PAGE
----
Auteur: Peter Teffer
The use of carbon credits under the Kyoto climate treaty may have worsened climate change instead of reducing emissions of greenhouse gases, according to a study published Monday (24 August) by a Swedish research institute.
It argued that poor oversight has allowed the funding of projects that are unlikely to have reduced carbon emissions, which are responsible for helping the earth's temperature rise to a dangerous level.
The Kyoto Protocol, signed in 1997, set binding reduction targets for 37 countries in the period 2008-2012. Countries were allowed to buy carbon credits instead of actually reducing emissions at home.
One way of buying carbon credits was by investing in climate projects in other countries.
The idea was that the reduction achievement could be greater in countries where the situation was much worse.
However, the Stockholm Environment Institute found that about 75 percent of the bought carbon credits under one Kyoto scheme called Joint Implementation (JI), “are unlikely to represent additional emissions reductions”.
“This suggests that the use of JI offsets may have enabled global greenhouse gas (GHG) emissions to be about 600 million tonnes of carbon dioxide equivalent higher than they would have been if countries had met their emissions domestically”, the authors say.
The figure is equivalent to the number of greenhouse gases emitted by one passenger car driving over 2 trillion kilometres.
The news is a retrospective blow to the European Union's flagship climate policy, the Emissions trading system (ETS).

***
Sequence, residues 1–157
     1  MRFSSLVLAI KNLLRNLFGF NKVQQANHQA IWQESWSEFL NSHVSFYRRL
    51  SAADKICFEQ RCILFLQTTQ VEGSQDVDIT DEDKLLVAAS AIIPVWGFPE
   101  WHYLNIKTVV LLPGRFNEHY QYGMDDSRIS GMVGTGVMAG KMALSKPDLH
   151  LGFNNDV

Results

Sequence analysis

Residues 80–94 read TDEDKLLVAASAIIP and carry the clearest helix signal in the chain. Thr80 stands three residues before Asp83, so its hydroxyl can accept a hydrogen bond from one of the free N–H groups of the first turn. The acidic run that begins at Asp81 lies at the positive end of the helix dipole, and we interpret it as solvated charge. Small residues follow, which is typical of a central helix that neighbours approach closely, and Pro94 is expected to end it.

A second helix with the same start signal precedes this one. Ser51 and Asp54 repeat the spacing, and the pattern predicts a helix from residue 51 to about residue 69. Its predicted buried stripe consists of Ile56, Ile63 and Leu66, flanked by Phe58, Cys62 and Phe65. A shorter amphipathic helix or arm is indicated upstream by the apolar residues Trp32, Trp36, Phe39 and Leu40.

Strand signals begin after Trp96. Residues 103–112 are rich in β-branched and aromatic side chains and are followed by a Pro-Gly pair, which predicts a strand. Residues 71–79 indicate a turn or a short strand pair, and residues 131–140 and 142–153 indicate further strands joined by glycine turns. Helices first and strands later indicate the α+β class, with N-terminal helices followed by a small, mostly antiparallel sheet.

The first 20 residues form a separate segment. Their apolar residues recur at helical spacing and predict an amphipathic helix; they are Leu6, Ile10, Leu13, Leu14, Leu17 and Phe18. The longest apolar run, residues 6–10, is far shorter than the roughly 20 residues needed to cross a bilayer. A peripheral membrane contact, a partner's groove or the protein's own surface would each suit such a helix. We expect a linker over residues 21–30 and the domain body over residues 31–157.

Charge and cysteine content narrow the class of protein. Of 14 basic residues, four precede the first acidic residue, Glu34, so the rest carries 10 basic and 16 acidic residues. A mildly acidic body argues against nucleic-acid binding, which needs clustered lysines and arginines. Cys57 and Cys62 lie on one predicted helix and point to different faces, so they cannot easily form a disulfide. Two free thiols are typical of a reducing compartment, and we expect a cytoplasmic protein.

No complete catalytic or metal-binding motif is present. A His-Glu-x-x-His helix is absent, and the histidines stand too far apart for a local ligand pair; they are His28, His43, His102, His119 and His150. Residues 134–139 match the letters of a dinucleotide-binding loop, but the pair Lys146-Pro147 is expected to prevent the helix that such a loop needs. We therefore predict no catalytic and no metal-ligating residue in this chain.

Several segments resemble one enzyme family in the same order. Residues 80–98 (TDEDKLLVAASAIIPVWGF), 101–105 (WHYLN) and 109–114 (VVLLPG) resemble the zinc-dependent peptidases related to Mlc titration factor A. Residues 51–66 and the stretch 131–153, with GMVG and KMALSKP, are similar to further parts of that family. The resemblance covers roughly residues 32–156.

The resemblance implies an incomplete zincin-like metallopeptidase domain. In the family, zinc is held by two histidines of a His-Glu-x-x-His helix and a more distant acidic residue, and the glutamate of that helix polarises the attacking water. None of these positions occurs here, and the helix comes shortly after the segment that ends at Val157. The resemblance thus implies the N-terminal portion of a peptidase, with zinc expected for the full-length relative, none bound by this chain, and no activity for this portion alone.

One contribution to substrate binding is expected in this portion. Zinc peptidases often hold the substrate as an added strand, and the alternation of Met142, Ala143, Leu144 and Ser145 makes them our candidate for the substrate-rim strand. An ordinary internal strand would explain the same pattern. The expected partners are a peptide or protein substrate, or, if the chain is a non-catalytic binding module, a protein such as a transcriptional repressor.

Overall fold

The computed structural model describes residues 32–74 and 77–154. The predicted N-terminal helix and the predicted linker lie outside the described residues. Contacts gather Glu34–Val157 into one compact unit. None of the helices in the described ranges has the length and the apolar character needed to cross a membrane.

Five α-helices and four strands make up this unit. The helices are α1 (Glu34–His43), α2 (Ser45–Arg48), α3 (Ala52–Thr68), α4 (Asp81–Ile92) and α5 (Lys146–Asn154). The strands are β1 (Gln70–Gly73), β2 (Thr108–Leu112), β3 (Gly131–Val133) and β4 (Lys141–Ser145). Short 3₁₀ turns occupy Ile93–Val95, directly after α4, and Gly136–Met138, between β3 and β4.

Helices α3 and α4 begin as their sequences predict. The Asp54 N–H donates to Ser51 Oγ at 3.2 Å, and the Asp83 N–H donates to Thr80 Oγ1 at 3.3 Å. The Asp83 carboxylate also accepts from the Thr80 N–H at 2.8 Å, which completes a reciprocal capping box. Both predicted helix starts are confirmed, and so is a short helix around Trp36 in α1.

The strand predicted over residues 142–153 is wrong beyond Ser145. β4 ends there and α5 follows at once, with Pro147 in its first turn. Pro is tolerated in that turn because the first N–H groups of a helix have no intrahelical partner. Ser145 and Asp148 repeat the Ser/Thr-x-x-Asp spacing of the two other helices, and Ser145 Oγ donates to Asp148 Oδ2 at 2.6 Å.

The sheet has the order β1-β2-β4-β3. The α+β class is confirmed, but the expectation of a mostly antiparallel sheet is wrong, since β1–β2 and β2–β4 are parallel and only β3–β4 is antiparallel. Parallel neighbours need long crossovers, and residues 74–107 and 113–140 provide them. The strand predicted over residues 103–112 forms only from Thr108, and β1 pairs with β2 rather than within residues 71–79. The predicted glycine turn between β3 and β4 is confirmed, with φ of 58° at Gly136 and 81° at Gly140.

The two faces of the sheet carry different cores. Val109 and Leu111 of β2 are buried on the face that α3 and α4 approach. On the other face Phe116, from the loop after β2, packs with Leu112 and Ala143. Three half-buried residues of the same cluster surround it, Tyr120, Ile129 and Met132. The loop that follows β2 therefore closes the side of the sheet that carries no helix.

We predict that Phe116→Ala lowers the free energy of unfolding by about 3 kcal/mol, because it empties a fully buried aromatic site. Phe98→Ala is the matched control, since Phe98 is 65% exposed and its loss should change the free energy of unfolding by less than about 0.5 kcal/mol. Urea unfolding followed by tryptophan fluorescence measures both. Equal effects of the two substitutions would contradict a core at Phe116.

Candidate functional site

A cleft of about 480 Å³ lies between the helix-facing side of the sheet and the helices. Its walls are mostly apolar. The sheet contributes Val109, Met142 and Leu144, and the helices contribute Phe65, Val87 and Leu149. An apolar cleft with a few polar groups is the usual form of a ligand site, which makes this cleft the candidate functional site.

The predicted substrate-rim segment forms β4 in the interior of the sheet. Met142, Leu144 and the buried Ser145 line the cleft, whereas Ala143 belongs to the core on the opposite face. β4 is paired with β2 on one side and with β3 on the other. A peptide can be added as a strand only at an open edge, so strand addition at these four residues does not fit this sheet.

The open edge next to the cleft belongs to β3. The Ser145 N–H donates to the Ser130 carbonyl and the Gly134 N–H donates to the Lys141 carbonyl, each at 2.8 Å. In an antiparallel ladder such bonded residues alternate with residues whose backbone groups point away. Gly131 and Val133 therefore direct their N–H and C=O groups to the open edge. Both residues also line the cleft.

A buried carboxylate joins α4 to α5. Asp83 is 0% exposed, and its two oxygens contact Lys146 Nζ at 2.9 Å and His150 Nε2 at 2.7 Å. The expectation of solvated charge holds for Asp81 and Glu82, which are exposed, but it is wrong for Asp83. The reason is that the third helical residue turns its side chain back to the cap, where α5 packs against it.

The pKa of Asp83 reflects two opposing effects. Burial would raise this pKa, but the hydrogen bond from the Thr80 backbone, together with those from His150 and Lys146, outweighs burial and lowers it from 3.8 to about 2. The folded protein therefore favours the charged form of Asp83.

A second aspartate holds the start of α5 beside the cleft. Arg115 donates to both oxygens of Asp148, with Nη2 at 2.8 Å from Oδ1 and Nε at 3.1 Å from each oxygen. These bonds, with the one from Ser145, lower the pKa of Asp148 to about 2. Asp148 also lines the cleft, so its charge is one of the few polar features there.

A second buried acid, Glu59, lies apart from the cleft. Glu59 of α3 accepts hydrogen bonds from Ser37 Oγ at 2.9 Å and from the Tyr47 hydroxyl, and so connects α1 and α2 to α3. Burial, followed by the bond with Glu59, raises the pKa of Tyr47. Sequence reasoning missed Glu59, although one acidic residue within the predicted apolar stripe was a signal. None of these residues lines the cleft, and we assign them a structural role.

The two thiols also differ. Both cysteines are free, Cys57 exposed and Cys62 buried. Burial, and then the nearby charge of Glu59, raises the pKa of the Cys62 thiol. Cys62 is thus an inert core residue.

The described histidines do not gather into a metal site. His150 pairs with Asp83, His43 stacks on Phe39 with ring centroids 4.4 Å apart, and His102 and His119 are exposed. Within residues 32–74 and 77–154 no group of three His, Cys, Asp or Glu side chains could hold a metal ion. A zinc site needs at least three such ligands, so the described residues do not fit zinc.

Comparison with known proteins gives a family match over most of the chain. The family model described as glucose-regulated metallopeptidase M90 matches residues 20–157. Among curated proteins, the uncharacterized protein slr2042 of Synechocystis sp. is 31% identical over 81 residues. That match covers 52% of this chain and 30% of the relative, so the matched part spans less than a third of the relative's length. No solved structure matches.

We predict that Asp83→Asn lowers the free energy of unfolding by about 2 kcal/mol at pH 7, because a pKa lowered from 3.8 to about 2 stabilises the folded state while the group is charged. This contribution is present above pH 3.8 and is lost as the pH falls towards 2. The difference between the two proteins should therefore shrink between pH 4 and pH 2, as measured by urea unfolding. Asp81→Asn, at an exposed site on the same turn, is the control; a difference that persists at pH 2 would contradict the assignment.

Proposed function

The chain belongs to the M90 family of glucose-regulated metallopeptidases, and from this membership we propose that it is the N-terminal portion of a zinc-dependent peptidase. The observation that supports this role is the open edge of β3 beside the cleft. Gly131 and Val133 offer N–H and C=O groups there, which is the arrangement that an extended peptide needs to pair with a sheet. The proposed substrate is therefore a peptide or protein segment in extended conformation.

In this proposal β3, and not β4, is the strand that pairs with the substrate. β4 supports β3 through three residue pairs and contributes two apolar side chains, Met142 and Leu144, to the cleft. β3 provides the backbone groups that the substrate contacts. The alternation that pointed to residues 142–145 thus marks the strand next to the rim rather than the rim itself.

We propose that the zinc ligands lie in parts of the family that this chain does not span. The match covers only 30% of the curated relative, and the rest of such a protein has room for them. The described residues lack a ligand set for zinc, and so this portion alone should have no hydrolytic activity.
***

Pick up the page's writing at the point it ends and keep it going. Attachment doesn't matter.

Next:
Participants of the EU's carbon trading scheme were allowed to buy credits from Kyoto's JI programme. According to the report, more than 560 million JI units were used in the ETS.
Joint Implementation “may therefore have undermined the EU ETS emission reduction target by about 400 million tCO2”.
The environmental impact of the projects varied greatly because of a lack of common standards, the authors said.
“An assessment of the project portfolio in each country indicates significant environmental integrity concerns for more than 80 percent of ERUs [carbon credits under the JI scheme] from Russia and Ukraine, whereas the environmental integrity was rated as high for 70 percent of ERUs in Poland and 97 percent in Germany”.
Russian and Ukrainian companies benefited from the scheme by selling credits for projects that were already underway and “clearly not motivated by carbon credits”, one of the authors told climate change news website RTCC.
“This was like printing money”, said Vladyslav Zhezherin.
Some Kyoto projects had already come under fire in the past years, and several have been banned from participating in the EU's carbon credit scheme.
In another sign that lessons were learned, the EU's new emissions reduction target for 2030 - a 40 percent reduction compared to 1990 levels - may only be achieved domestically, which means that buying carbon credits from outside the EU will no longer be possible.
The authors argued that their research shows that more oversight is needed for any international market mechanism that may come out of current negotiations on a new climate treaty, which is hoped to be signed in December in Paris.